2017 Genesis Open course preview: Riviera Country Club
Featured PGA Tour

2017 Genesis Open course preview: Riviera Country Club

Credit: Getty Images

This week the PGA Tour moves from a masterpiece in scenic course routing on an impeccable piece of property at Pebble Beach to what Tom Doak has described as a “true shrine of strategic design” in Riviera Country Club by George C. Thomas and William Bell in 1927.

Riviera Country Club architecture and history

Some golf courses are “easy” to lay out/design because the land is great: sandy soil, interesting undulations, not too many trees/overgrowth, numerous natural green sites, beautiful vistas, etc. Whereas other land might be the opposite, with the only thing going for it being the location or proximity to other things. The latter was the case with Riviera. The ground was hard and flat. The only real high point is where the clubhouse has sat for the past 90-plus years. In fact, when Thomas was finally convinced to accept the project, he described the land as "suitable." Not exactly a ringing endorsement. He was forced to use various pieces of heavy 1920s machinery to overcome the site’s shortcomings. Their intense labor of carving, sculpting and moving rough earth turned into one of the country’s greatest strategic, architectural and construction masterpieces.

In 1926, Thomas published his seminal book, Golf Course Architecture in America, in which he said: “When you play a course and remember each hole, it has individuality and change. If your mind cannot recall the exact sequence of the holes, that course lacks the great assets of originality and diversity.”

With this in mind, you can see why each and every hole at Riviera is a near masterclass in golf course architecture. Having grown up in Philadelphia, Thomas was the benefactor of calling a few other Golden Age architects friends and colleagues. Before moving west in 1919, he observed: Donald Ross's construction of Sunnybrook CC (1914); Hugh Wilson design and build Merion Golf Club's East (1912) and West (1914) courses; George Crump’s design and build of Pine Valley (1915); and A. W. Tillinghast’s design for the Philadelphia Cricket Club's original course (1922). It goes without saying that these Philadelphians were performing at the peak of their creative powers building courses that have stood the test of time and are some of the best in the country if not the world.

With this knowledge and inspiration, Thomas employed a different architectural concept on nearly every hole at Riviera. The fourth hole is the first Redan built west of the Mississippi River; the fifth has an Alps theme; the seventh has a hog’s back fairway; the eighth employs a double Lido fairway. And that’s just the outward nine!

The inward nine has the 13th with Cape hole characteristics; the 14th is Eden-ish; and 15th with its pseudo-Biarritz green. However, two unique design features most point to appear in the first and sixth green complexes. The first hole has a beautiful boomerang shape that hugs a deep greenside bunker which requires the golfer to observe where that day’s pin location is from the elevated tee for the best line of approach.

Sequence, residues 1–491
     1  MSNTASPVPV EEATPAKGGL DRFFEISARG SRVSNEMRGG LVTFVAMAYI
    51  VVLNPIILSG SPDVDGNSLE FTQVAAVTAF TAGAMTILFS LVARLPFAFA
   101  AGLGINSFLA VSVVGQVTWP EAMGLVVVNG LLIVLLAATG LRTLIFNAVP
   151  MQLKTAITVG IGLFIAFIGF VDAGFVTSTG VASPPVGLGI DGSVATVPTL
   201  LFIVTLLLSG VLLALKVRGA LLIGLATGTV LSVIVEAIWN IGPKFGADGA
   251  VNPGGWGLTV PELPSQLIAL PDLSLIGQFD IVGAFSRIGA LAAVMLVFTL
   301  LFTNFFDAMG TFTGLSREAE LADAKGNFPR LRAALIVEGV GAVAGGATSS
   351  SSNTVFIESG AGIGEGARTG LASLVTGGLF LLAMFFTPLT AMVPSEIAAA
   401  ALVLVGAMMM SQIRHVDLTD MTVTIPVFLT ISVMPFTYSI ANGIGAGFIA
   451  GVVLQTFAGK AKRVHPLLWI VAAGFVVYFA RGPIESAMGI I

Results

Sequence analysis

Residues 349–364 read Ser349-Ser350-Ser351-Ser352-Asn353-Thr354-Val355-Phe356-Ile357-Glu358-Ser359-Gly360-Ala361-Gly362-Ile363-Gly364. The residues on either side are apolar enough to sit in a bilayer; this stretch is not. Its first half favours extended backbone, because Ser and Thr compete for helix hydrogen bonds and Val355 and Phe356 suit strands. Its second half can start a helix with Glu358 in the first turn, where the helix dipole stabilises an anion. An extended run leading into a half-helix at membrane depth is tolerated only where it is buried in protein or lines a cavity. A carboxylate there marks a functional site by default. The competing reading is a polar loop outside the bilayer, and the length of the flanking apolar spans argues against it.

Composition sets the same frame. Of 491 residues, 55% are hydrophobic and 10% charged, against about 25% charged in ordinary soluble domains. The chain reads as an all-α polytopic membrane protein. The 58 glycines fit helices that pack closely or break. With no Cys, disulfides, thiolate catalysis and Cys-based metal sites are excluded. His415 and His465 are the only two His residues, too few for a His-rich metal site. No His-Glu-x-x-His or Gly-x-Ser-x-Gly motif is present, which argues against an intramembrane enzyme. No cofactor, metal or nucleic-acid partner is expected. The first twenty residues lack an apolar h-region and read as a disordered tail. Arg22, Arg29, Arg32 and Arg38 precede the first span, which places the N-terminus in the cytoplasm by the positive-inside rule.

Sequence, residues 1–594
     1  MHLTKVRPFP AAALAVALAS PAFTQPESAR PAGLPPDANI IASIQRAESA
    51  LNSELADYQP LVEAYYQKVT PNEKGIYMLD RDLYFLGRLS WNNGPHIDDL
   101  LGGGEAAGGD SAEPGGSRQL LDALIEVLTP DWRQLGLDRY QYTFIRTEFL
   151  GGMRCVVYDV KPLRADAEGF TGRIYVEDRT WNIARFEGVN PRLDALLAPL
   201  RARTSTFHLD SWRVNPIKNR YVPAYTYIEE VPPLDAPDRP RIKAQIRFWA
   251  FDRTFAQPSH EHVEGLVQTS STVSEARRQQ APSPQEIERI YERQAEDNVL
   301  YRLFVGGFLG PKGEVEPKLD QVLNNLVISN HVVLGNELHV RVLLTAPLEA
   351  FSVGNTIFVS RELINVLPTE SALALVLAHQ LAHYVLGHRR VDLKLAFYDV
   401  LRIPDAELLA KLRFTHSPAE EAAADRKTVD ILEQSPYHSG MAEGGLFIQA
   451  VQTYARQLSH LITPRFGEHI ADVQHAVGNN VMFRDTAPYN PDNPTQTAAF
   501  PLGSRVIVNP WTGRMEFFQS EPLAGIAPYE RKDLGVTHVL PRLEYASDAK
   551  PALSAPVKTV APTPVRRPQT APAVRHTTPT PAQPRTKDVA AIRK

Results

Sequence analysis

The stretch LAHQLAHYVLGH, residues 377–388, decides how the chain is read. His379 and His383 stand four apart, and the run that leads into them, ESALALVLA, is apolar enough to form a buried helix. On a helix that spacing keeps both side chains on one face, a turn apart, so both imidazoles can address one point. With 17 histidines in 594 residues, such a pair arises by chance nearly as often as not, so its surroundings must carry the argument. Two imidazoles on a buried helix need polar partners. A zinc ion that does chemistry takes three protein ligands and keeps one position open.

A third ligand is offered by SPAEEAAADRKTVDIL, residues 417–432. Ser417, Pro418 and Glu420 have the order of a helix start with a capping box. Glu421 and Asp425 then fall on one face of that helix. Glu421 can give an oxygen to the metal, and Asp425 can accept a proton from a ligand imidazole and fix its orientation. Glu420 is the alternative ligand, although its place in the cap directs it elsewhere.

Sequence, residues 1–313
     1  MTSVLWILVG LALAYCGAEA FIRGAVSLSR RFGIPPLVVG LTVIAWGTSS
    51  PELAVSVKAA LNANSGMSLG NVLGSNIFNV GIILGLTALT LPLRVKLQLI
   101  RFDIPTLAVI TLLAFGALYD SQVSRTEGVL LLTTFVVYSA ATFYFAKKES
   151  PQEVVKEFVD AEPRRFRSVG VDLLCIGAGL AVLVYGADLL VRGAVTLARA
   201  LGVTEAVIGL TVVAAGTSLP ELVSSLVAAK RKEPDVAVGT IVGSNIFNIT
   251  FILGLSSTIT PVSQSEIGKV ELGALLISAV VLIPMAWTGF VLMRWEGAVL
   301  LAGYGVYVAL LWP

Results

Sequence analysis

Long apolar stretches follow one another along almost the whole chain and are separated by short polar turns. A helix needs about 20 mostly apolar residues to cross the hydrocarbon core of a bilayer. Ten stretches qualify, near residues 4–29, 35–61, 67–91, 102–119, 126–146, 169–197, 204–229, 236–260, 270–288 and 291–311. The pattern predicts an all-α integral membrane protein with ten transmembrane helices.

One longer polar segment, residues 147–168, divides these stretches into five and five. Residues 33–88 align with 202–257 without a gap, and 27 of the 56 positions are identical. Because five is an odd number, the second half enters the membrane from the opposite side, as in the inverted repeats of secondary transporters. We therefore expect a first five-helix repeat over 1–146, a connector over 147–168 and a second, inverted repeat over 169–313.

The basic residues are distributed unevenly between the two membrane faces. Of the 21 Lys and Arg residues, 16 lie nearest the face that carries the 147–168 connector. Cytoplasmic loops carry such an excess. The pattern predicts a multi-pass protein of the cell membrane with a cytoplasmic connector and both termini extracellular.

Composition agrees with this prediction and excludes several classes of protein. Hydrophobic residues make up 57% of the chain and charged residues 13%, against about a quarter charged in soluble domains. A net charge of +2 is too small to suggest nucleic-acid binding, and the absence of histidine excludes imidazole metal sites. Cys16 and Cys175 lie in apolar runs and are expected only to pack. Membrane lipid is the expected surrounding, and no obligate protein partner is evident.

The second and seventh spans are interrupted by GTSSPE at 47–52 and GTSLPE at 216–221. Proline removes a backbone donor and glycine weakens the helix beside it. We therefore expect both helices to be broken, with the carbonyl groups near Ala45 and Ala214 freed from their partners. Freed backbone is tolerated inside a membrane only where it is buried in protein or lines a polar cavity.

But the pièce de résistance is what awaits golfers in the center of the 200-yard, par-3 sixth green: a pot bunker. The green features four quadrants and various challenging elevation changes, but gosh, who cuts a bunker in the middle of a green?! This is clearly a design feature that was crazy at the time, and if it were done today people would probably lose their minds about it being contrived. But now as Billy Cooney noted on PGATOUR.com, “Perhaps the oddest aspect of the sixth green is watching players use a wedge on the putting surface -- even taking the occasional divot -- to chip over the bunker when their tee shots find the wrong side of the green.”

Holes to Watch


Hole 6 - Will anyone hit it into the middle-of-the-green bunker? Will anyone need to chip over the bunker? Talk about a fun wrinkle.

Hole 10 - Maybe the most architecturally iconic hole on the course. Everyone loves short par 4s. And this is at or near the top of anyone’s list of the best in the world. Unlike many classic courses that have been lengthened to the point of being a caricature of the original, this hole has actually been helped by technology. At only 315 yards, it tempts nearly every tour-level golfer into having a go for the green. But the brilliance of the hole is in its subtle design where each element is running counter to what’s ‘comfortable’ for the golfer. An impossibly narrow green that doesn’t need to be hit with the drive but actually requires a boring lay up in the left half of the fairway for the best scoring angle.

And if that’s not enough, Jack Nicklaus described this hole in the following way: "I love option holes and this one has more than any short par 4 I know”.

Hole 18 - Do you mind hitting semi-blind tee shots up 60-plus foot hills? Do you possess a reliable power fade? If yes, you will probably love this hole. After hitting up over a steep embankment to climb out of the canyon, the golfer is left with as famous of an approach shot into the home hole as anywhere in the game. The towering Spanish-style clubhouse looms over a bunker-less green complex nestled memorably in a natural amphitheater beneath its historic walls.

About the author


Ethan Zimman

Ethan Zimman is a proposal writer for a large federal government contractor by day and freelance writer by night. He's an avid golfer who started playing at age 13 and keeps trying to chip away at his 8.6 handicap index. His passion for golf course architecture began after reading Tom Doak's 'The Anatomy of a Golf Course' in high school. In his (non-golf-related) spare time, he loves visiting wineries and breweries with his wife, son, and their goldendoodle Bodie.